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Marinated Cherry Tomatoes

Don’t let summer’s tomato bounty slip away without enjoying this special treat of Marinated Cherry Tomatoes. Tomatoes infused with vinegar, olive oil, and fresh herbs are so tasty when spread on crusty bread, tossed into salads, or spooned over pasta!

A mason jar filled with sliced cherry tomatoes in an olive oil vinaigrette.

The Marinade

I’d like to spend a little time talking about the marinade, to clear up some misinformation that makes its rounds on the interwebs.

So, you have three basic options when recreating the marinade I used for these tomatoes. Each has its advantages and disadvantages. Let’s go through them!

  1. Olive Oil & Vinegar
  2. Bottled Vinaigrette
  3. Combo of Olive Oil & Bottled Vinaigrette

Whichever method you choose (discussed below), don’t forget to enhance the flavors with herbs, shallots, and garlic!

A bowl of sliced cherry tomatoes with fresh herbs, minced garlic, and chopped shallots.

1. Olive Oil & Vinegar

This is naturally a popular option because most people have both in their pantries already. Plus there’s the big appeal of no preservatives and knowing what’s in your marinade. I, too, think this is a great option, depending on your usage. Because here’s the issue with oil and vinegar:

Oil and vinegar will never emulsify. You can shake until your arms fall off, but oil and vinegar will never meld without outside help.

When you whisk or blend oil and vinegar, it looks, at first, like it’s fully smooth. But what actually has happened is that the vinegar has split into very small droplets, which are dispersed throughout the oil, giving the appearance of being blended.

If you let the mixture sit, however, the vinegar will eventually redistribute itself into larger pools until it separates from the oil and floats on top.

Vinegar droplets on oil.
Balsamic vinegar droplets floating on top of olive oil.

Oil and vinegar need a third-party emulsifier in order to fully blend. In the home pantry, common (and effective) emulsifiers include mustard, egg yolks, and mayo.

None of these, however, are right for your cherry tomato marinade. Salad dressing manufacturers use a different category of commercial emulsifiers that work without drastically changing the color or consistency of a dressing.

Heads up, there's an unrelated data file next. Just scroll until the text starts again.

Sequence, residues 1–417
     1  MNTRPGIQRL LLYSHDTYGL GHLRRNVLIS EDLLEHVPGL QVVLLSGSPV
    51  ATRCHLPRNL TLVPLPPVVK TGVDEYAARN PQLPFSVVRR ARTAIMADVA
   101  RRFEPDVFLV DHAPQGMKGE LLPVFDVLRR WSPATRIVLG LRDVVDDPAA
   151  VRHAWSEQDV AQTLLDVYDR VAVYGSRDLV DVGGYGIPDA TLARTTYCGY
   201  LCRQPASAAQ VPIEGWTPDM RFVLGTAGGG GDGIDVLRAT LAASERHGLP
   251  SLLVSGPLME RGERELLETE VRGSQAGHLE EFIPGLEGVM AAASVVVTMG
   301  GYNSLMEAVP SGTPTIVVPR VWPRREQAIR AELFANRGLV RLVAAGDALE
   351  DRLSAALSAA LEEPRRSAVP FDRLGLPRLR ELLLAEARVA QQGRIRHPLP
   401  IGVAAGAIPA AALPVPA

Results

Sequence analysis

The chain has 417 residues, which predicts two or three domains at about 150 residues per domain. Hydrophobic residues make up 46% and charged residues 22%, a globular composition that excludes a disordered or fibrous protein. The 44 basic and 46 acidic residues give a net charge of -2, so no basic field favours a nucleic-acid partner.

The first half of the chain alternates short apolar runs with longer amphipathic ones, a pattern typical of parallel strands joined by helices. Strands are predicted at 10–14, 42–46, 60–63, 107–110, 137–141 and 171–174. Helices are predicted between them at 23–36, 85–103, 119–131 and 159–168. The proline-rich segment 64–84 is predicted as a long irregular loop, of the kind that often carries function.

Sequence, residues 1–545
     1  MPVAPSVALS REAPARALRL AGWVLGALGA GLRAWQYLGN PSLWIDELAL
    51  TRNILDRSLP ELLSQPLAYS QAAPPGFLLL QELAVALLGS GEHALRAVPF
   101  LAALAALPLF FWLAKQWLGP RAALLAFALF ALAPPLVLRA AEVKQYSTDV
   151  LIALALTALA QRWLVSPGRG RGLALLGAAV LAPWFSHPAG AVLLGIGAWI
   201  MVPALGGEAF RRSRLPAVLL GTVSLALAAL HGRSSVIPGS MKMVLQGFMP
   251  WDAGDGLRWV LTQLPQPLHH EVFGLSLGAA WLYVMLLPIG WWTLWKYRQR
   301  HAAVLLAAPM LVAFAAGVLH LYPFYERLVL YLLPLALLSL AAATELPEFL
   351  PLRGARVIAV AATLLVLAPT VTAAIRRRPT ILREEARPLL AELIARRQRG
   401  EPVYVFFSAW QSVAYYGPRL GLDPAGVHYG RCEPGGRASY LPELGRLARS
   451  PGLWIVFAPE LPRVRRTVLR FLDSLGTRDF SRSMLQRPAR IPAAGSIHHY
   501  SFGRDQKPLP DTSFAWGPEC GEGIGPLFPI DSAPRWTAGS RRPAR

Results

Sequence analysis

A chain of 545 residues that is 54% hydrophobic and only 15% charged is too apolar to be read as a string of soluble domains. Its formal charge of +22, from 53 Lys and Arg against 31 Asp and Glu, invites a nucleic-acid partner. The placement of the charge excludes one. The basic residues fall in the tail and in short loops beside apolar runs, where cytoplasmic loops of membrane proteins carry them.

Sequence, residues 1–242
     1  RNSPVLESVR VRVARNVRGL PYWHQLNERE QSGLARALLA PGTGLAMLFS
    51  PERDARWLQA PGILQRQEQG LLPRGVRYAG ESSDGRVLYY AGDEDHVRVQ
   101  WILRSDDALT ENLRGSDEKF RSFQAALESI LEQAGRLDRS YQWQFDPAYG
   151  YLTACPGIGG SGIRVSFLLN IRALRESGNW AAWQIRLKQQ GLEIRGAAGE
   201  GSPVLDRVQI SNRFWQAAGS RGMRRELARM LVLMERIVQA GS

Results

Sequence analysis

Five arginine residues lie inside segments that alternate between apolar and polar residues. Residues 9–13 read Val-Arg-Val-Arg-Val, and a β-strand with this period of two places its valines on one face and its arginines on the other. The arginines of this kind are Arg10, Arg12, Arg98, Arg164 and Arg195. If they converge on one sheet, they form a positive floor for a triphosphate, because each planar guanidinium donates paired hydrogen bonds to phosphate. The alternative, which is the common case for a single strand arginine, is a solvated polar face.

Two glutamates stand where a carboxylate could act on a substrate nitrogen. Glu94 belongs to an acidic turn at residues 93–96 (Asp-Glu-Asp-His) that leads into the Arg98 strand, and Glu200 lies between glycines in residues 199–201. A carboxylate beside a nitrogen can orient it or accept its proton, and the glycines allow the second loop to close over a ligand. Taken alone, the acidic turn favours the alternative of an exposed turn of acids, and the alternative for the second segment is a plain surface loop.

Fun fact: vinegar itself is not actually the problem, but rather water is. Bottled vinegar is about 95% water, and it’s that water component that causes oil to separate from the vinegar.

So, if you’re actually creating something like a cherry tomato salad with an oil and vinegar dressing that you’re serving right away, it’s fine.

But if you’re leaving the tomatoes to soak in the mixture overnight or longer, that separation is going to occur, and vinegar is going to collect, full strength, amongst the tomatoes. It’s just going to be a weird result.

Sliced cherry tomatoes are fragile, so if you shake the finished jar to smooth out the oil and vinegar, you’re going to damage the tomatoes.

It’s just not optimal, even though some recipe websites ignore that that will happen. (It reminds of how some food blogs instruct on caramelizing onions: if a website tells you that you can caramelize onions in just 8 minutes, run screaming.)

Also, remember that extra virgin olive oil solidifies in the refrigerator. While this isn’t a bad thing, you’ll need to let the marinated tomatoes come up to room temperature so that you can spoon them and the dressing out of the jar. Let the jar sit in a bowl of warm water for 10 minutes and you’ll be golden.

2. Bottled Vinaigrette

This is the fast and easy way to marinated cherry tomatoes! Most grocery stores carry a stunningly large selection of dressings, both refrigerated in the produce section and shelf-stable-until-opened in the store aisles.